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Deep Video Precoding

Research output: Contribution to journalJournal articlepeer-review

<mark>Journal publication date</mark>1/12/2020
<mark>Journal</mark>IEEE Transactions on Circuits and Systems for Video Technology
Issue number12
Number of pages16
Pages (from-to)4913 - 4928
Publication StatusPublished
Early online date16/12/19
<mark>Original language</mark>English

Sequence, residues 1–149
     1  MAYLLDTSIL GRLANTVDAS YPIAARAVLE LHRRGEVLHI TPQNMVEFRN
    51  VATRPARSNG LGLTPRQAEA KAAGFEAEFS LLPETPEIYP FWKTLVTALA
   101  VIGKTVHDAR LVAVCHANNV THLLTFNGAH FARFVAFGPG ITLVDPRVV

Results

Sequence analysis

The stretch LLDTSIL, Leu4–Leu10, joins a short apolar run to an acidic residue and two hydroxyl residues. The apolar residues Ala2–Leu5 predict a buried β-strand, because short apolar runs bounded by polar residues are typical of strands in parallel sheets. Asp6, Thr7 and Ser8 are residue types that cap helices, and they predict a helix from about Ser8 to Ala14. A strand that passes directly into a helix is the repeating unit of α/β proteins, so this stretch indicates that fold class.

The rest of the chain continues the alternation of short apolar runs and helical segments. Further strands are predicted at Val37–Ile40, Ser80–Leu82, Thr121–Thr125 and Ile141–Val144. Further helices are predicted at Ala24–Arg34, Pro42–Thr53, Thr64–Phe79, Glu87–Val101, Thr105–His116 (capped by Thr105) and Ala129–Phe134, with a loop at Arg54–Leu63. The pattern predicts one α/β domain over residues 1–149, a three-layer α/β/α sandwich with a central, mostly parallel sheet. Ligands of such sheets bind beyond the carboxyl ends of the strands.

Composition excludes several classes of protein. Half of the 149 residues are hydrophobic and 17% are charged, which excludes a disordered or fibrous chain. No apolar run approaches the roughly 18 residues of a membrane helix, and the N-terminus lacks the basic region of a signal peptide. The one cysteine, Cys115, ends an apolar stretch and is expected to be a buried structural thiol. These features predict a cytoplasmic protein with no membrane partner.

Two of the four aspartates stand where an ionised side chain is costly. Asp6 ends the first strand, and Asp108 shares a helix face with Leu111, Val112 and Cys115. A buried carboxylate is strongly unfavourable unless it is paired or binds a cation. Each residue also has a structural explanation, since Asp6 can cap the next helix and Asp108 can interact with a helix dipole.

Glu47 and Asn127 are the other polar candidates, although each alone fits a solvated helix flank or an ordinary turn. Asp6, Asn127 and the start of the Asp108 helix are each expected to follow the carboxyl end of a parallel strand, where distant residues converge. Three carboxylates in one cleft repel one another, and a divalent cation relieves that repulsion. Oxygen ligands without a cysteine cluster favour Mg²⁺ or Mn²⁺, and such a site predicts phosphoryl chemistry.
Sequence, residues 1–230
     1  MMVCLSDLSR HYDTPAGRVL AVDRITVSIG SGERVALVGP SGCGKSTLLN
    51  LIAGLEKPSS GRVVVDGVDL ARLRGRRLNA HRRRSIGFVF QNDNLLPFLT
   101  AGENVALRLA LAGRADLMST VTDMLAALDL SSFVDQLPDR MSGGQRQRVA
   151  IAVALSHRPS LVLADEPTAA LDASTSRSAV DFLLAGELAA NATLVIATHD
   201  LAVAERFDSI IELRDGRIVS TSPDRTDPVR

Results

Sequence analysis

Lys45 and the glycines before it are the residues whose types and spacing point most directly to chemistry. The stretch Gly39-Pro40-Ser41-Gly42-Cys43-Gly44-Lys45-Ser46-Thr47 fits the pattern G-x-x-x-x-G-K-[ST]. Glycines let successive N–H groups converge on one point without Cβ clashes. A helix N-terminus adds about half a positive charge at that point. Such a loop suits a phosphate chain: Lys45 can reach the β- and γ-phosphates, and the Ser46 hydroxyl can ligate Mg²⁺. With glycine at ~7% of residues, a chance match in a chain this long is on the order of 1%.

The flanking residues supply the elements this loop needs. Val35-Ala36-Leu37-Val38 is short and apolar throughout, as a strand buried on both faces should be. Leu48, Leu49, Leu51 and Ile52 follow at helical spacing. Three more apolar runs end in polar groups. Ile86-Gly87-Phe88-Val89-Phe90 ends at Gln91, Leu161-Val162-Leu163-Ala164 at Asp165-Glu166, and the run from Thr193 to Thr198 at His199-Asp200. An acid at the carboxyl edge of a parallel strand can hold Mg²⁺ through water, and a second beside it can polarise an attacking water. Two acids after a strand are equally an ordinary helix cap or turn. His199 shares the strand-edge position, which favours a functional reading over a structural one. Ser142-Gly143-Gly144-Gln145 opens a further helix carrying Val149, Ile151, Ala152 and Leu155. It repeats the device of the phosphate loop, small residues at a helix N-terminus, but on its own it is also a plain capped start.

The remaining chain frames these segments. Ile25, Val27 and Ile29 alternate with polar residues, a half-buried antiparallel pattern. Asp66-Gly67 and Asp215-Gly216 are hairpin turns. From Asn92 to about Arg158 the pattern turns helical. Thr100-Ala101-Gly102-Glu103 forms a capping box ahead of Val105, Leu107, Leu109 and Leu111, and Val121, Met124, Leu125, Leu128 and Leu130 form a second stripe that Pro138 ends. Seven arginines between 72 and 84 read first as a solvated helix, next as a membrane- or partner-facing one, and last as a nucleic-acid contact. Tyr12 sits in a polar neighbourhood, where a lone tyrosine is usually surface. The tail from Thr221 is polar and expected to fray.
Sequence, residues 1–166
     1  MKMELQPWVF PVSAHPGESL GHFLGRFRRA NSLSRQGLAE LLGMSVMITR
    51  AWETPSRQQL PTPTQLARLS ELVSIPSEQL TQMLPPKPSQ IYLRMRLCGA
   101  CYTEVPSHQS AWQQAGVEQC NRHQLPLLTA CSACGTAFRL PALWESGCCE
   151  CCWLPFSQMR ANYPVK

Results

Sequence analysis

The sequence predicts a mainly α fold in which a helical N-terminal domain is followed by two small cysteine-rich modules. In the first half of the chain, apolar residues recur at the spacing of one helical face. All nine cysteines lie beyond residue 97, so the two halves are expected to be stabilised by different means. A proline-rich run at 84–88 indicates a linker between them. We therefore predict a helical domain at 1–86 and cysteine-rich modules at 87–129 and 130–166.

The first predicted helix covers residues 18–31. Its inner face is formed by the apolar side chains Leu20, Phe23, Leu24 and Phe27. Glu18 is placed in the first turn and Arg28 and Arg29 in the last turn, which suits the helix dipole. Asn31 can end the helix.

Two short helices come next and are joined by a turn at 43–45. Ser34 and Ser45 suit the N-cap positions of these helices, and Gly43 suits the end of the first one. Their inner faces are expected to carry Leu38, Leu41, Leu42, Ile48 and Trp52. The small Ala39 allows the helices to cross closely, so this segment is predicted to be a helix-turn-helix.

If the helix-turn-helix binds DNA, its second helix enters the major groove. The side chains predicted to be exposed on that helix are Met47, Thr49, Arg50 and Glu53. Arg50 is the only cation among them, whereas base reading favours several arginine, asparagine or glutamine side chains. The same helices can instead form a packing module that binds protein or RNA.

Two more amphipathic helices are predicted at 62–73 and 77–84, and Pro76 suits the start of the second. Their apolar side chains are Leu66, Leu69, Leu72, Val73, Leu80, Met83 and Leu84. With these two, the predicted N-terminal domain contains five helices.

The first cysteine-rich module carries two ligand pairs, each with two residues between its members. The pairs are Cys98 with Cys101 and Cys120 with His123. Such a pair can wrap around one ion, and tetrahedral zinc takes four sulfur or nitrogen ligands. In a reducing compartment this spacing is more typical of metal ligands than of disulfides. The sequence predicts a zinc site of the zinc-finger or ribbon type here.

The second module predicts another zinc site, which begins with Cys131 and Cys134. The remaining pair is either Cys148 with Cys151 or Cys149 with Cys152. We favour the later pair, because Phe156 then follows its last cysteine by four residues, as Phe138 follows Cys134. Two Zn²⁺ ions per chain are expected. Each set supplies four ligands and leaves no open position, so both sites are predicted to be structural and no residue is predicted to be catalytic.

Several groups are currently investigating how deep learning may advance the state-of-the-art in image and video coding. An open question is how to make deep neural networks work in conjunction with existing (and upcoming) video codecs, such as MPEG AVC, HEVC, VVC, Google VP9 and AOM AV1, as well as existing container and transport formats, without imposing any changes at the client side. Such compatibility is a crucial aspect when it comes to practical deployment, especially due to the fact that the video content industry and hardware manufacturers are expected to remain committed to these standards for the foreseeable future. We propose to use deep neural networks as precoders for current and future video codecs and adaptive video streaming systems. In our current design, the core precoding component comprises a cascaded structure of downscaling neural networks that operates during video encoding, prior to transmission. This is coupled with a precoding mode selection algorithm for each independently-decodable stream segment, which adjusts the downscaling factor according to scene characteristics, the utilized encoder, and the desired bitrate and encoding configuration. Our framework is compatible with all current and future codec and transport standards, as our deep precoding network structure is trained in conjunction with linear upscaling filters (e.g., the bilinear filter), which are supported by all web video players. Results with FHD and UHD content and widely-used AVC, HEVC and VP9 encoders show that coupling such standards with the proposed deep video precoding allows for 15% to 45% rate reduction under encoding configurations and bitrates suitable for video-on-demand adaptive streaming systems. The use of precoding can also lead to encoding complexity reduction, which is essential for cost-effective cloud deployment of complex encoders like H.265/HEVC and VP9.

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